Federal judge rules La.'s emergency election plan should allow more mail-in voting
BATON ROUGE - A federal judge ruled Wednesday that Secretary of State Kyle Ardoin's emergency plan for Louisiana's fall election does not allow for adequate voting amid the coronavirus pandemic.
The decision from Judge Shelly Dick said that the current plan offered limited absentee by mail voting and "imposes a burden on their right to vote."
Some voters, joined by rights groups, asked the federal court to halt the plan, fearing that crowds standing in line to vote could lead to another surge in coronavirus cases. They also argued that fear of the virus could prevent others from voting at all.
Ardoin and Attorney General Jeff Landry had defended the plan in weeks past as Governor John Bel Edwards threatened to strike it down if lawmakers sent it to his desk.
Ardoin released a brief statement Wednesday afternoon saying his office is reviewing the ruling.
“We have received and are currently reviewing Judge Dick's ruling. A decision as to how to proceed will be made after careful consideration of the facts is weighed with the fact that absentee voting currently underway for some voters, and early voting mere weeks away.”
Governor John Bel Edwards also released a statement on the ruling, which supported his request to implement a safer emergency election plan for Louisiana.
“Today’s ruling is a huge victory not only for the health and safety of the people of Louisiana, but also for their voting rights and our democracy. No one should have to risk their health or their life to vote, and I am relieved that the court agrees. Simply put: COVID-19 remains a serious problem in Louisiana and voting should not be a super spreader event.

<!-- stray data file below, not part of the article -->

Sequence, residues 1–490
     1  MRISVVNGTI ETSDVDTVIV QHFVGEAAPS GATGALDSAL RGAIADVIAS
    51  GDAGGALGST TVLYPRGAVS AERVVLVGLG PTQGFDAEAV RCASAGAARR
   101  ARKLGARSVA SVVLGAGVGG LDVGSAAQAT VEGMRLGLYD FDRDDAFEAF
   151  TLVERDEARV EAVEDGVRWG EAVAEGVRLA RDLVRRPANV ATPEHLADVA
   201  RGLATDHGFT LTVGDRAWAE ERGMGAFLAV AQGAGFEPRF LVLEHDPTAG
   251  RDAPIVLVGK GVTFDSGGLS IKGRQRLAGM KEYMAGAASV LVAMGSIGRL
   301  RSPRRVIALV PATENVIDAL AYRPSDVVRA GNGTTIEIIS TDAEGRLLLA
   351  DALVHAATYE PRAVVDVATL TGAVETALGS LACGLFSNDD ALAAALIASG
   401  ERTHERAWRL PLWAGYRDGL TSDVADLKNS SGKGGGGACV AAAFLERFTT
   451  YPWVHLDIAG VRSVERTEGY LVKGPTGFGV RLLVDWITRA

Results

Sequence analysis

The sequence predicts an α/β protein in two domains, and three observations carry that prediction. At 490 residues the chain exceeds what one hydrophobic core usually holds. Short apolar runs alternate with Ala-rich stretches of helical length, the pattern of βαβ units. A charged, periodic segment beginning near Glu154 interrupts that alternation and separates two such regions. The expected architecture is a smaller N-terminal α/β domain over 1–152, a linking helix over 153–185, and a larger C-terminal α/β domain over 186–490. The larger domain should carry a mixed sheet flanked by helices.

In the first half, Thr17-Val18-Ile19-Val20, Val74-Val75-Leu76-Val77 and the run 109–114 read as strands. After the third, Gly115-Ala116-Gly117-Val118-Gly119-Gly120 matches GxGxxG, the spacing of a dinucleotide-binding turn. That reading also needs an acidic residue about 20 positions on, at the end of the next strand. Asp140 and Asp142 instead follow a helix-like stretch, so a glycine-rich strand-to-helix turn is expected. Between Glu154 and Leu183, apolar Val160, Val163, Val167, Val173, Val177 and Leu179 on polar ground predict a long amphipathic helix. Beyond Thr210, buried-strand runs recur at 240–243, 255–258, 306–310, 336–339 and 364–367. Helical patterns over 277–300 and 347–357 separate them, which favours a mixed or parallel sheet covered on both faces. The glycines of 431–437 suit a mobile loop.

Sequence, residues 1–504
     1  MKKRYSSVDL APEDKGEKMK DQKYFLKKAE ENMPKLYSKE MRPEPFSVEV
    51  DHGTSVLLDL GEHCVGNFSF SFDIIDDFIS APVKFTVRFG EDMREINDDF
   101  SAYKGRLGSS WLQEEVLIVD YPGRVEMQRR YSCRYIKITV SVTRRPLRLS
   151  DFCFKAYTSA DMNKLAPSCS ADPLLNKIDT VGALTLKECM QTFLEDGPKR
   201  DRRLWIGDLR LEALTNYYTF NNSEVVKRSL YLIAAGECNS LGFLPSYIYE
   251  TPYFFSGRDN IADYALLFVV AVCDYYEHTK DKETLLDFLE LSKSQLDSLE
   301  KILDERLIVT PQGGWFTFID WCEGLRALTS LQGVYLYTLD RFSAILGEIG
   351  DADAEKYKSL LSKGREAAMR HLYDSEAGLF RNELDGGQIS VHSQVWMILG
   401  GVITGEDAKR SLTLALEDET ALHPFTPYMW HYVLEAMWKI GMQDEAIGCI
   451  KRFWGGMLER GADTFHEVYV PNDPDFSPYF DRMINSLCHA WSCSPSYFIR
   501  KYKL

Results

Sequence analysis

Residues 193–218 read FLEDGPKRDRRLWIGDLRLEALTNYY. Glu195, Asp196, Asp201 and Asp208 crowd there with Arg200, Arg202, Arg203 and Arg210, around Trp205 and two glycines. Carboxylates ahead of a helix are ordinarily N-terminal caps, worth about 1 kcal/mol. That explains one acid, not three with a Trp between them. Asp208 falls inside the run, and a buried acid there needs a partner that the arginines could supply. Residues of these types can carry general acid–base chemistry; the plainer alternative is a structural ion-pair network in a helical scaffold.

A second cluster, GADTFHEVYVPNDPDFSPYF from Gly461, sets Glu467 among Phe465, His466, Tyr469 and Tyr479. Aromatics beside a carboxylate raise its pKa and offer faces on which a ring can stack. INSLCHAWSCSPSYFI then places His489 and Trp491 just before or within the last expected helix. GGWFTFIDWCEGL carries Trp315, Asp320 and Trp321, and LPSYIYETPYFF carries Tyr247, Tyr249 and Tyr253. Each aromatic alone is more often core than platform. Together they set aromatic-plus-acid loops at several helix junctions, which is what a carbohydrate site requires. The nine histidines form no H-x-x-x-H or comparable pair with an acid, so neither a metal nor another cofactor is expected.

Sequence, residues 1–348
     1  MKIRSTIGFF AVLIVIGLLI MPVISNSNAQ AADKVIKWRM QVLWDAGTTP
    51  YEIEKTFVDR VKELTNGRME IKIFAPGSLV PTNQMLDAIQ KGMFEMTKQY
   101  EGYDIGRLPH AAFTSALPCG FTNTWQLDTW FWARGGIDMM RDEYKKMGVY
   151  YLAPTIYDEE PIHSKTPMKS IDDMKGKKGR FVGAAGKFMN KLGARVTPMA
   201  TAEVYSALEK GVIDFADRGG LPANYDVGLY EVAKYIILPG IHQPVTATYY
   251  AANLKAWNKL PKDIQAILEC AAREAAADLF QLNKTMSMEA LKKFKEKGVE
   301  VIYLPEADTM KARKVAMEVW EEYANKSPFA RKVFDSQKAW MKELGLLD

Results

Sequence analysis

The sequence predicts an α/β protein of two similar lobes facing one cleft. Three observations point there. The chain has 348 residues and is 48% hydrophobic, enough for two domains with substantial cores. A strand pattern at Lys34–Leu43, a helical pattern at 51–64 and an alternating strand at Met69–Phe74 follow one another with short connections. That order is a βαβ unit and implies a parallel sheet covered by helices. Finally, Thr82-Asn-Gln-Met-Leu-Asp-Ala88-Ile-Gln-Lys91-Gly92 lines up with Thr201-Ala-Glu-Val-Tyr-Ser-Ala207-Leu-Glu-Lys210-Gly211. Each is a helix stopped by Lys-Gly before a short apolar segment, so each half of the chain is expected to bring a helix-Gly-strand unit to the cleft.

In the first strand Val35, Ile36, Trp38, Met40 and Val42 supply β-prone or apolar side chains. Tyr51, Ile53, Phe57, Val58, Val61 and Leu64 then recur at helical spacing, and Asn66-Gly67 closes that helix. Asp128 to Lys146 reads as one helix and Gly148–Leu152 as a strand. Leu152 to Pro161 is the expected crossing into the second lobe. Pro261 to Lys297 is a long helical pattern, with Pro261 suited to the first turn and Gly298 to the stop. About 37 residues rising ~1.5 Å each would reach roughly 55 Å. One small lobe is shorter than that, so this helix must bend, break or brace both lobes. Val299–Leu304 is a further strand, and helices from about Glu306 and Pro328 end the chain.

It was obvious to anyone who pays attention to the COVID crisis that the failure to put forth an election plan to protect voters at risk for COVID-19 was inappropriate and unsafe. More fundamentally, as noted by Judge Shelly Dick, ‘the state’s failure to provide accommodation for pandemic-affected voters is likely unconstitutional because it imposes an undue burden on Plaintiffs’ right to vote.’ The failure to implement the very same plan that was submitted by the Secretary of State for the July and August elections would have caused voters to either forgo voting or disregard medical guidelines from the Centers for Disease Control. It further would have required people who are at high risk for serious COVID complications and even for those who are exposed and should be in quarantine to risk exposing others by voting in person. Thankfully, Judge Dick agreed that this is unacceptable.
The Secretary of State should accept the Court’s ruling and immediately implement the election plan for the upcoming election in November, as ordered. It is unfortunate that thousands of taxpayer dollars were wasted by the Attorney General defending this woefully inadequate emergency election plan. The taxpayers and voters in Louisiana deserve better. Between COVID-19 and Hurricane Laura, our state has much work to do before early voting begins. I pledge to support this effort to ensure that all Louisianans can safely vote, in person or by mail if they qualify.”
The election is scheduled for Nov. 3.
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